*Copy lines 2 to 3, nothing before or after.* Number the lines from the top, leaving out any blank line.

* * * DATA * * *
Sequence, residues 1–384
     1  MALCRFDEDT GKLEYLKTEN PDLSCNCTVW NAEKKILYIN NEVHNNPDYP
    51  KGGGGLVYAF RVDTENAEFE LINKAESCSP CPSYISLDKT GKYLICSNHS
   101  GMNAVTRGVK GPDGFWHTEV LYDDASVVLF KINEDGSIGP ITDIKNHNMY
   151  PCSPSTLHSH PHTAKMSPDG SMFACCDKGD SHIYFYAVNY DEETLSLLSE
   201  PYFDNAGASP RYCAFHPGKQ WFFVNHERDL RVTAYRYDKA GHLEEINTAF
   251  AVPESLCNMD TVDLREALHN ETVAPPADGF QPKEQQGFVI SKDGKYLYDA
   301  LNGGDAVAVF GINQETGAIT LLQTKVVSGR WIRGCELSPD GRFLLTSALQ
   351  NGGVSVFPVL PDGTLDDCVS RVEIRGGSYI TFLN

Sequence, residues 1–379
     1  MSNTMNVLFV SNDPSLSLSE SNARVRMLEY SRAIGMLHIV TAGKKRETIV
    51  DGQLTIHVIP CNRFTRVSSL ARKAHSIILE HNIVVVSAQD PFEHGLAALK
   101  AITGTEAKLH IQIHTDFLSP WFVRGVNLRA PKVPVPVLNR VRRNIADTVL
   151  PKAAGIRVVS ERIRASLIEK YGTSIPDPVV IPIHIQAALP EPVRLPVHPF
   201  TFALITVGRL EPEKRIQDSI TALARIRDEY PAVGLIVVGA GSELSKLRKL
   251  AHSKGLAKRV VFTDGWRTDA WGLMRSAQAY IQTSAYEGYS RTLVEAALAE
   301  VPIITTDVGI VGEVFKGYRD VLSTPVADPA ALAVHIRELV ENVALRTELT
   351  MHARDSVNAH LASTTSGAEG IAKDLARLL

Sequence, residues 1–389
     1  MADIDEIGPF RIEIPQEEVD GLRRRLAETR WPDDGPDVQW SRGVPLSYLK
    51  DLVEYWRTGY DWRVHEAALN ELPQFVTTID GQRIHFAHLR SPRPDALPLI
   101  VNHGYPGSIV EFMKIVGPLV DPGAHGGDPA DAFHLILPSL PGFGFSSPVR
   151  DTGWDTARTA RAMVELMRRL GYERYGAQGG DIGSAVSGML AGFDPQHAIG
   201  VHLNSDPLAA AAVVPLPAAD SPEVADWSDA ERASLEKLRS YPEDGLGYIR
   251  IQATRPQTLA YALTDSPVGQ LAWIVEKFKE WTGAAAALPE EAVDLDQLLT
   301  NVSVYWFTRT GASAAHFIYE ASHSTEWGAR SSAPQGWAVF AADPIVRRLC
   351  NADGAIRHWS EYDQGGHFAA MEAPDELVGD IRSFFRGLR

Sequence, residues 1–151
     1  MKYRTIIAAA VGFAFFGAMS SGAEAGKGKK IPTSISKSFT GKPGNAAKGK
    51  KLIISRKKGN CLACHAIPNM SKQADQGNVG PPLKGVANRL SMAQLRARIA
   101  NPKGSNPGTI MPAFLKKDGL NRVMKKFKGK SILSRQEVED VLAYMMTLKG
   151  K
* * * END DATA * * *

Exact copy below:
     1  MALCRFDEDT GKLEYLKTEN PDLSCNCTVW NAEKKILYIN NEVHNNPDYP
    51  KGGGGLVYAF RVDTENAEFE LINKAESCSP CPSYISLDKT GKYLICSNHS